The advantages of surveying more than half a millennium in one relatively slender volume is that often the significance of what took such a very long time to develop in historic time stands out much more clearly when viewed -- to borrow a phrase from Ferdinand Braudel -- in the long dureé. This gain is purchased at considerable expense, beginning with the fact that each chapter and many parts of each chapter might have been a fine subject for an entire book. What to include or exclude is, of course, always the author’s greatest challenge, but in this case it has also provided some of the most interesting insights into my own approaches to synthesis. When faced with how to explain rather than just how to tell the story, what has worked in my classes over the last quarter of a century informed my choice. My goal was to write a history in such a way that students and their teachers will learn not just what scholars think happened and why but also experience a bit of the thrill of exploration. These readers should go away with a keener understanding of the minds and approaches of authors such as Julius Caesar, Augustus, and Ammianus Marcellinus, for example, but also of the ways in which numismatics, comparative methodology, and archaeology are changing the way we look at the ancient world and particularly at the evolving relationship between Rome and its barbarian neighbors.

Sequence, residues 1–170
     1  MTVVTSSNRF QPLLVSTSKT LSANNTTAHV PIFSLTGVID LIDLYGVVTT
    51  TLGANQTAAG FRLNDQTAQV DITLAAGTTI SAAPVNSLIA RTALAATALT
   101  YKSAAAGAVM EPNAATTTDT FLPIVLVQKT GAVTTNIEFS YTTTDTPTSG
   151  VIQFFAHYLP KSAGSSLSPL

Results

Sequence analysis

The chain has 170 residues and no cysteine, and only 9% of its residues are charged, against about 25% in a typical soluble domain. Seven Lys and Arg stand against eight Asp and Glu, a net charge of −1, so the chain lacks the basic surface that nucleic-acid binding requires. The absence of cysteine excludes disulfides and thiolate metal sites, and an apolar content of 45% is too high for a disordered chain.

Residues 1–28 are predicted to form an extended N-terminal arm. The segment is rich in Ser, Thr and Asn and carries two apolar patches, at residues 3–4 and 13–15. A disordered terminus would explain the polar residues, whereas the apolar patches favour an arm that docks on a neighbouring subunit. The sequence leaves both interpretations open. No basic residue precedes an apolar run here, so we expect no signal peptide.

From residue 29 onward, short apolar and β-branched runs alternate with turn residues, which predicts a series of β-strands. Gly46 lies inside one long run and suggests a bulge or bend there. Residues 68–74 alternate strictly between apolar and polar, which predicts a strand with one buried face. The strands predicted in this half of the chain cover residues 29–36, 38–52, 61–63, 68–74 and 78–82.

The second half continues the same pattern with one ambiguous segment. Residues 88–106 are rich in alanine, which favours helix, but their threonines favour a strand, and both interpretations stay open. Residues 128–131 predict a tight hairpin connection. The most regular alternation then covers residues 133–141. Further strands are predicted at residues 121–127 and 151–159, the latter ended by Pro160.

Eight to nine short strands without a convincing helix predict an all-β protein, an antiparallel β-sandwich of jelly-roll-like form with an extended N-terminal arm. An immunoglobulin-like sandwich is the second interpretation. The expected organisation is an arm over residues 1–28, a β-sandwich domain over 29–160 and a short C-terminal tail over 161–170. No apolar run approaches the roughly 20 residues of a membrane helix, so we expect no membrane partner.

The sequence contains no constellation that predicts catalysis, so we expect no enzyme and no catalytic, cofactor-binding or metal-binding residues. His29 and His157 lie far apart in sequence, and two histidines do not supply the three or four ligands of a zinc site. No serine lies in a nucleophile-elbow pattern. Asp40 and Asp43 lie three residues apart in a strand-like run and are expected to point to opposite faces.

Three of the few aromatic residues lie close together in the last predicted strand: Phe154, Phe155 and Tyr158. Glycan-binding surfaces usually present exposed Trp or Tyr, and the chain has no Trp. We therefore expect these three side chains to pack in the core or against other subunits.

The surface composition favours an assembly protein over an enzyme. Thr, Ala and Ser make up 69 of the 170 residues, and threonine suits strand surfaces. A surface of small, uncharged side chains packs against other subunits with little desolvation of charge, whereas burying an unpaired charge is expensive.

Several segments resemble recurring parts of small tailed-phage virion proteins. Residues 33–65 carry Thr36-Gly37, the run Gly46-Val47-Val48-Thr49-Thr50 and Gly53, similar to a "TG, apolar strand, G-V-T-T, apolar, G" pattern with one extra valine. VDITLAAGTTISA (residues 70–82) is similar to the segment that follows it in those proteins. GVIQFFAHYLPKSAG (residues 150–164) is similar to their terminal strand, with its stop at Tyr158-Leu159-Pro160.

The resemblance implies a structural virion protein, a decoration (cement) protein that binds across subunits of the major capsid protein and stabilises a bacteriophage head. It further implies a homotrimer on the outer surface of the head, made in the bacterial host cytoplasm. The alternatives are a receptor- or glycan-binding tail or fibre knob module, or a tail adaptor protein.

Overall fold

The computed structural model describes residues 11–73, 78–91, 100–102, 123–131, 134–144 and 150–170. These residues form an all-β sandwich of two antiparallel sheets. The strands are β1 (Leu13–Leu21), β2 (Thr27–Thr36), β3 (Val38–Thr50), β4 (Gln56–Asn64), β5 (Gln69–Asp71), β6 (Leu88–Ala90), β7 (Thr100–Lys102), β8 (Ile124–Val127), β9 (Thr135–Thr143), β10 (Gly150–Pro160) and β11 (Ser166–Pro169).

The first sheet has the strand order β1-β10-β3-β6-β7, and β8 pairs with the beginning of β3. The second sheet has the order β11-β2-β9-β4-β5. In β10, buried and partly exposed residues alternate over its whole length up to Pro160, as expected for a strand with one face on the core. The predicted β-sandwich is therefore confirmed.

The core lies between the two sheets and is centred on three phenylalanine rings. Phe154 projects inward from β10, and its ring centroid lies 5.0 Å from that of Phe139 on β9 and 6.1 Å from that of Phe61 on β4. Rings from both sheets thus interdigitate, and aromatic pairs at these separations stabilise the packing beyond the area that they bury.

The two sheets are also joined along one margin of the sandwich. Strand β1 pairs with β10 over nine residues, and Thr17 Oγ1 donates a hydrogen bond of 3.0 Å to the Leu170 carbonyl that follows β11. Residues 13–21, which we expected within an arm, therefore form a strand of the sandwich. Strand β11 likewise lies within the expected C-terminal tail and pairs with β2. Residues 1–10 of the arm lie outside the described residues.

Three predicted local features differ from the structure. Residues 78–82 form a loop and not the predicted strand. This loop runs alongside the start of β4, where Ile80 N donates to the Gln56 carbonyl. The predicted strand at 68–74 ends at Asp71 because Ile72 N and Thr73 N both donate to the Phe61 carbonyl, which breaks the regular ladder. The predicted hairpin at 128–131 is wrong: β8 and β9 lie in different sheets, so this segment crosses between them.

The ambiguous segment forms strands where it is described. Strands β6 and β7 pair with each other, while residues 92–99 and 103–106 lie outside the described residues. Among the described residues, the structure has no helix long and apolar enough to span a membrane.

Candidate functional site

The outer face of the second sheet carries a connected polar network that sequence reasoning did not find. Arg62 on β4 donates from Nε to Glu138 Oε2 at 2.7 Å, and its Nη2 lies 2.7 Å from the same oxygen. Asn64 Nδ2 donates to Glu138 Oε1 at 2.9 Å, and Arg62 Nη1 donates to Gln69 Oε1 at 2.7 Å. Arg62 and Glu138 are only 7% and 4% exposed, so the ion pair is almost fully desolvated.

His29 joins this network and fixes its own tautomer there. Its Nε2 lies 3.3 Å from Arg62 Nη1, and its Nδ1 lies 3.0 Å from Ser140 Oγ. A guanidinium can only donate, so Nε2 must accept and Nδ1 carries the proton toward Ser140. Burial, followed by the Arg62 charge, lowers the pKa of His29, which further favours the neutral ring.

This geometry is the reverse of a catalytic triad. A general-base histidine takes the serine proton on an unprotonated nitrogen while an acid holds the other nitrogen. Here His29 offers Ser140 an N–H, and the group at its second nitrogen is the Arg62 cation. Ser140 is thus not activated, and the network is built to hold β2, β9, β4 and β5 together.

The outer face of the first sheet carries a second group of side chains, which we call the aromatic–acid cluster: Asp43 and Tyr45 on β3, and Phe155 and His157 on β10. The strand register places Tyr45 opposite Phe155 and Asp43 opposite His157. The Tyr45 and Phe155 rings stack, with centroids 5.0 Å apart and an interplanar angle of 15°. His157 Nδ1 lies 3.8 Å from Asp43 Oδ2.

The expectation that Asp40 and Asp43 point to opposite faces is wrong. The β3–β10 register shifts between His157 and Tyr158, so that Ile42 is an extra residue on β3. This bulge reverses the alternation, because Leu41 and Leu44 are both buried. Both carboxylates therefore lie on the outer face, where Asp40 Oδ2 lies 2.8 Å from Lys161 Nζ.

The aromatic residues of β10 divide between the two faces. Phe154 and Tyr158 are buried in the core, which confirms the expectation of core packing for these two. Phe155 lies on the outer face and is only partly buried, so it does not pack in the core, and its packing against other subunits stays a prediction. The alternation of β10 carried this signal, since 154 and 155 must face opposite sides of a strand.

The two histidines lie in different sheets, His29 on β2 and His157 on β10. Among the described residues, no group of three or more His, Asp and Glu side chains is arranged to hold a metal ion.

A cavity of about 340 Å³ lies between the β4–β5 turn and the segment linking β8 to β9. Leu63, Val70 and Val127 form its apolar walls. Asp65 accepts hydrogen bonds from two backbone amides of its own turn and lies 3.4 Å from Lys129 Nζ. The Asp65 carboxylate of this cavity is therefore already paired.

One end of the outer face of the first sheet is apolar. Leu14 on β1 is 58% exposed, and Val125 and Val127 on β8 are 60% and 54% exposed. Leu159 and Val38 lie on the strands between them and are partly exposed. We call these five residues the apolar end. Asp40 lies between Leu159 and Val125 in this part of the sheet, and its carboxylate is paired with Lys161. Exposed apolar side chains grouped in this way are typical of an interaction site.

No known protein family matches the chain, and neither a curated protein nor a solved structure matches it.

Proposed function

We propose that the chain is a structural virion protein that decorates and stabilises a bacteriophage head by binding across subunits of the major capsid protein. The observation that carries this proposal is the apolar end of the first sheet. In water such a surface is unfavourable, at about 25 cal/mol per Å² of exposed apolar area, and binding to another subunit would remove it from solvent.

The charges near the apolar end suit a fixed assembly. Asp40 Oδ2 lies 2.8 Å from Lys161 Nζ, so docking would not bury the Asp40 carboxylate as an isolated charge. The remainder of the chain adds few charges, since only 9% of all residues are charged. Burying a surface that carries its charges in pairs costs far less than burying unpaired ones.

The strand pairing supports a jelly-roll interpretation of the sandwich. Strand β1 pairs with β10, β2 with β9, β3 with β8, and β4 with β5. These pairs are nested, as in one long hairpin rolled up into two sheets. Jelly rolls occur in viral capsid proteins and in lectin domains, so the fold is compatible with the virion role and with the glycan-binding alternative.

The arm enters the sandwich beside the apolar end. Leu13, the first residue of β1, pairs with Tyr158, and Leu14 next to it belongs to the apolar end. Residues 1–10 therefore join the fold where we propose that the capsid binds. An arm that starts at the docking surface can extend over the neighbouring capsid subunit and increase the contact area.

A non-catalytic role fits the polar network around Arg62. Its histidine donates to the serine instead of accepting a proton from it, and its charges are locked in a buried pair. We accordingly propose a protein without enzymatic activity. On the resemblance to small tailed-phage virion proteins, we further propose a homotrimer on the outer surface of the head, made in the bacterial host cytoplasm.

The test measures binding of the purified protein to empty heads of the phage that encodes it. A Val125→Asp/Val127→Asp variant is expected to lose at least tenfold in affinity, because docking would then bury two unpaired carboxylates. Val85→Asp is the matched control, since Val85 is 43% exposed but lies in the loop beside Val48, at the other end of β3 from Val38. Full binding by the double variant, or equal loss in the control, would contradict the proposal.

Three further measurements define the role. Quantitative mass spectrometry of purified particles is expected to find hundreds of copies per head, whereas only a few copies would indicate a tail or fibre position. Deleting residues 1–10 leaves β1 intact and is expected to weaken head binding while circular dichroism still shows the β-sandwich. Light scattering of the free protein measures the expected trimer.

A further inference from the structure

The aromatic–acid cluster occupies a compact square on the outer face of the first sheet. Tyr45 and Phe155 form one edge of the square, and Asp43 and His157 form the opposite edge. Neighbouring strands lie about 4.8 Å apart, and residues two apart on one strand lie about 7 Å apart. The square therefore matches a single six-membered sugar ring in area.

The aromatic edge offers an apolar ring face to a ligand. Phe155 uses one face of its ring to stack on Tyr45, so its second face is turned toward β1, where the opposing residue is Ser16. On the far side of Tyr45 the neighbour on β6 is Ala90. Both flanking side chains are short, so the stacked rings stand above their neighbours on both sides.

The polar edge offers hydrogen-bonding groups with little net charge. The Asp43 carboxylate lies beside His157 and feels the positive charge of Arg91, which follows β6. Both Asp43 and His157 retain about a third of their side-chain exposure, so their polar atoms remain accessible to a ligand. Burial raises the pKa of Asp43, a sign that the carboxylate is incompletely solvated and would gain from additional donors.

Another necessary cost of surveying so long an era is that mentally telescoping events is unavoidable. The result is that we tend to dramatize changes that were trivial and to accelerate changes that were glacial. When we note the limited cognizance of and tortoise-like pace of change in the Roman-barbarian relationship among the participants themselves, we discover a historical manifestation of relativity. By the standards of the twentieth century, obsessed with measuring change through the advancement of technology, when even nanoseconds seem to matter greatly, there were virtually no changes in Roman society worthy of comment. When the barbarians come up for literary discussion in ancient texts, they are accorded the same old rhetorical formulas that had worked among the Romans for centuries. The Romans used many types of literature as vehicles for self-analysis; others were more purely for entertainment. History and ethnography satisfied both needs, and their exposition remained essentially constant until Christianity took hold. Since the Romans were so content with these genres and their uses, they held fast to most of the traditional themes within each, including discussion of barbarians. Here too very little changed despite the passing of centuries. Both historical and ethnographic works cast all barbarians as if they were like the famous sculpture of the "dying Galatian": mortally wounded, frozen in heroic anguish, timeless.